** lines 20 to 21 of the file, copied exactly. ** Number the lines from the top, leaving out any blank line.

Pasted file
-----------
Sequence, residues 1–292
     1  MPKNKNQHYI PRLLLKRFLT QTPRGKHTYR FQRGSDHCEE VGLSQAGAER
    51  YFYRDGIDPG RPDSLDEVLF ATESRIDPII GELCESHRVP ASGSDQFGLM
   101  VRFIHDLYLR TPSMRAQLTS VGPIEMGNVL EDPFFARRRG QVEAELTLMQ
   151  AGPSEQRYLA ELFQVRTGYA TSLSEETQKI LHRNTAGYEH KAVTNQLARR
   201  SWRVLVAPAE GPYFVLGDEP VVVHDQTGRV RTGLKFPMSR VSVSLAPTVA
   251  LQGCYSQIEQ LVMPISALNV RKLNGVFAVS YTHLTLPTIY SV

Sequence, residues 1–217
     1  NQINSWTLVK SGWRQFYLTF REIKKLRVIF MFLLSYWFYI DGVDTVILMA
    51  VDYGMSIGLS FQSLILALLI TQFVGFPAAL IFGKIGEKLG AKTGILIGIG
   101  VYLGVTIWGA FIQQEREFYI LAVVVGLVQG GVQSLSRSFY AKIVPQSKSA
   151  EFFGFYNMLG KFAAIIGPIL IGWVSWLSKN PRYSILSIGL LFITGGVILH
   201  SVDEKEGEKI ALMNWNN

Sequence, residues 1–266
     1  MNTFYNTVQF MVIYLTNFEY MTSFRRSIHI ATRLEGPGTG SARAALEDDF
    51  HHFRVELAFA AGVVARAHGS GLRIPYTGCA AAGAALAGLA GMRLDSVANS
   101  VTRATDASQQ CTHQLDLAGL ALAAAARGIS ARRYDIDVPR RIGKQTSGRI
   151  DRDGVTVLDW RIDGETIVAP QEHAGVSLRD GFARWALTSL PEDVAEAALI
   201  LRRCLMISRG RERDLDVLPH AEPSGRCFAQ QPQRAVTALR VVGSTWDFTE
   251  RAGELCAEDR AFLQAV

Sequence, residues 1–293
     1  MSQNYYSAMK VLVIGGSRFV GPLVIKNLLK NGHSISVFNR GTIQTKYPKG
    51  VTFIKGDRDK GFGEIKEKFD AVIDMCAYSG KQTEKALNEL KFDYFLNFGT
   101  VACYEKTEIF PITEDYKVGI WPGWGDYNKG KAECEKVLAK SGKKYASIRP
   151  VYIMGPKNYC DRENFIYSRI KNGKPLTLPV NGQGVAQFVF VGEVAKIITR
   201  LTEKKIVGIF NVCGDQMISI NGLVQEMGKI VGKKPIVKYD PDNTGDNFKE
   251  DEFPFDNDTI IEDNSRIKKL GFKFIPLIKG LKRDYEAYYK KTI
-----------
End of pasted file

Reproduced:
   251  RAGELCAEDR AFLQAV

Sequence, residues 1–293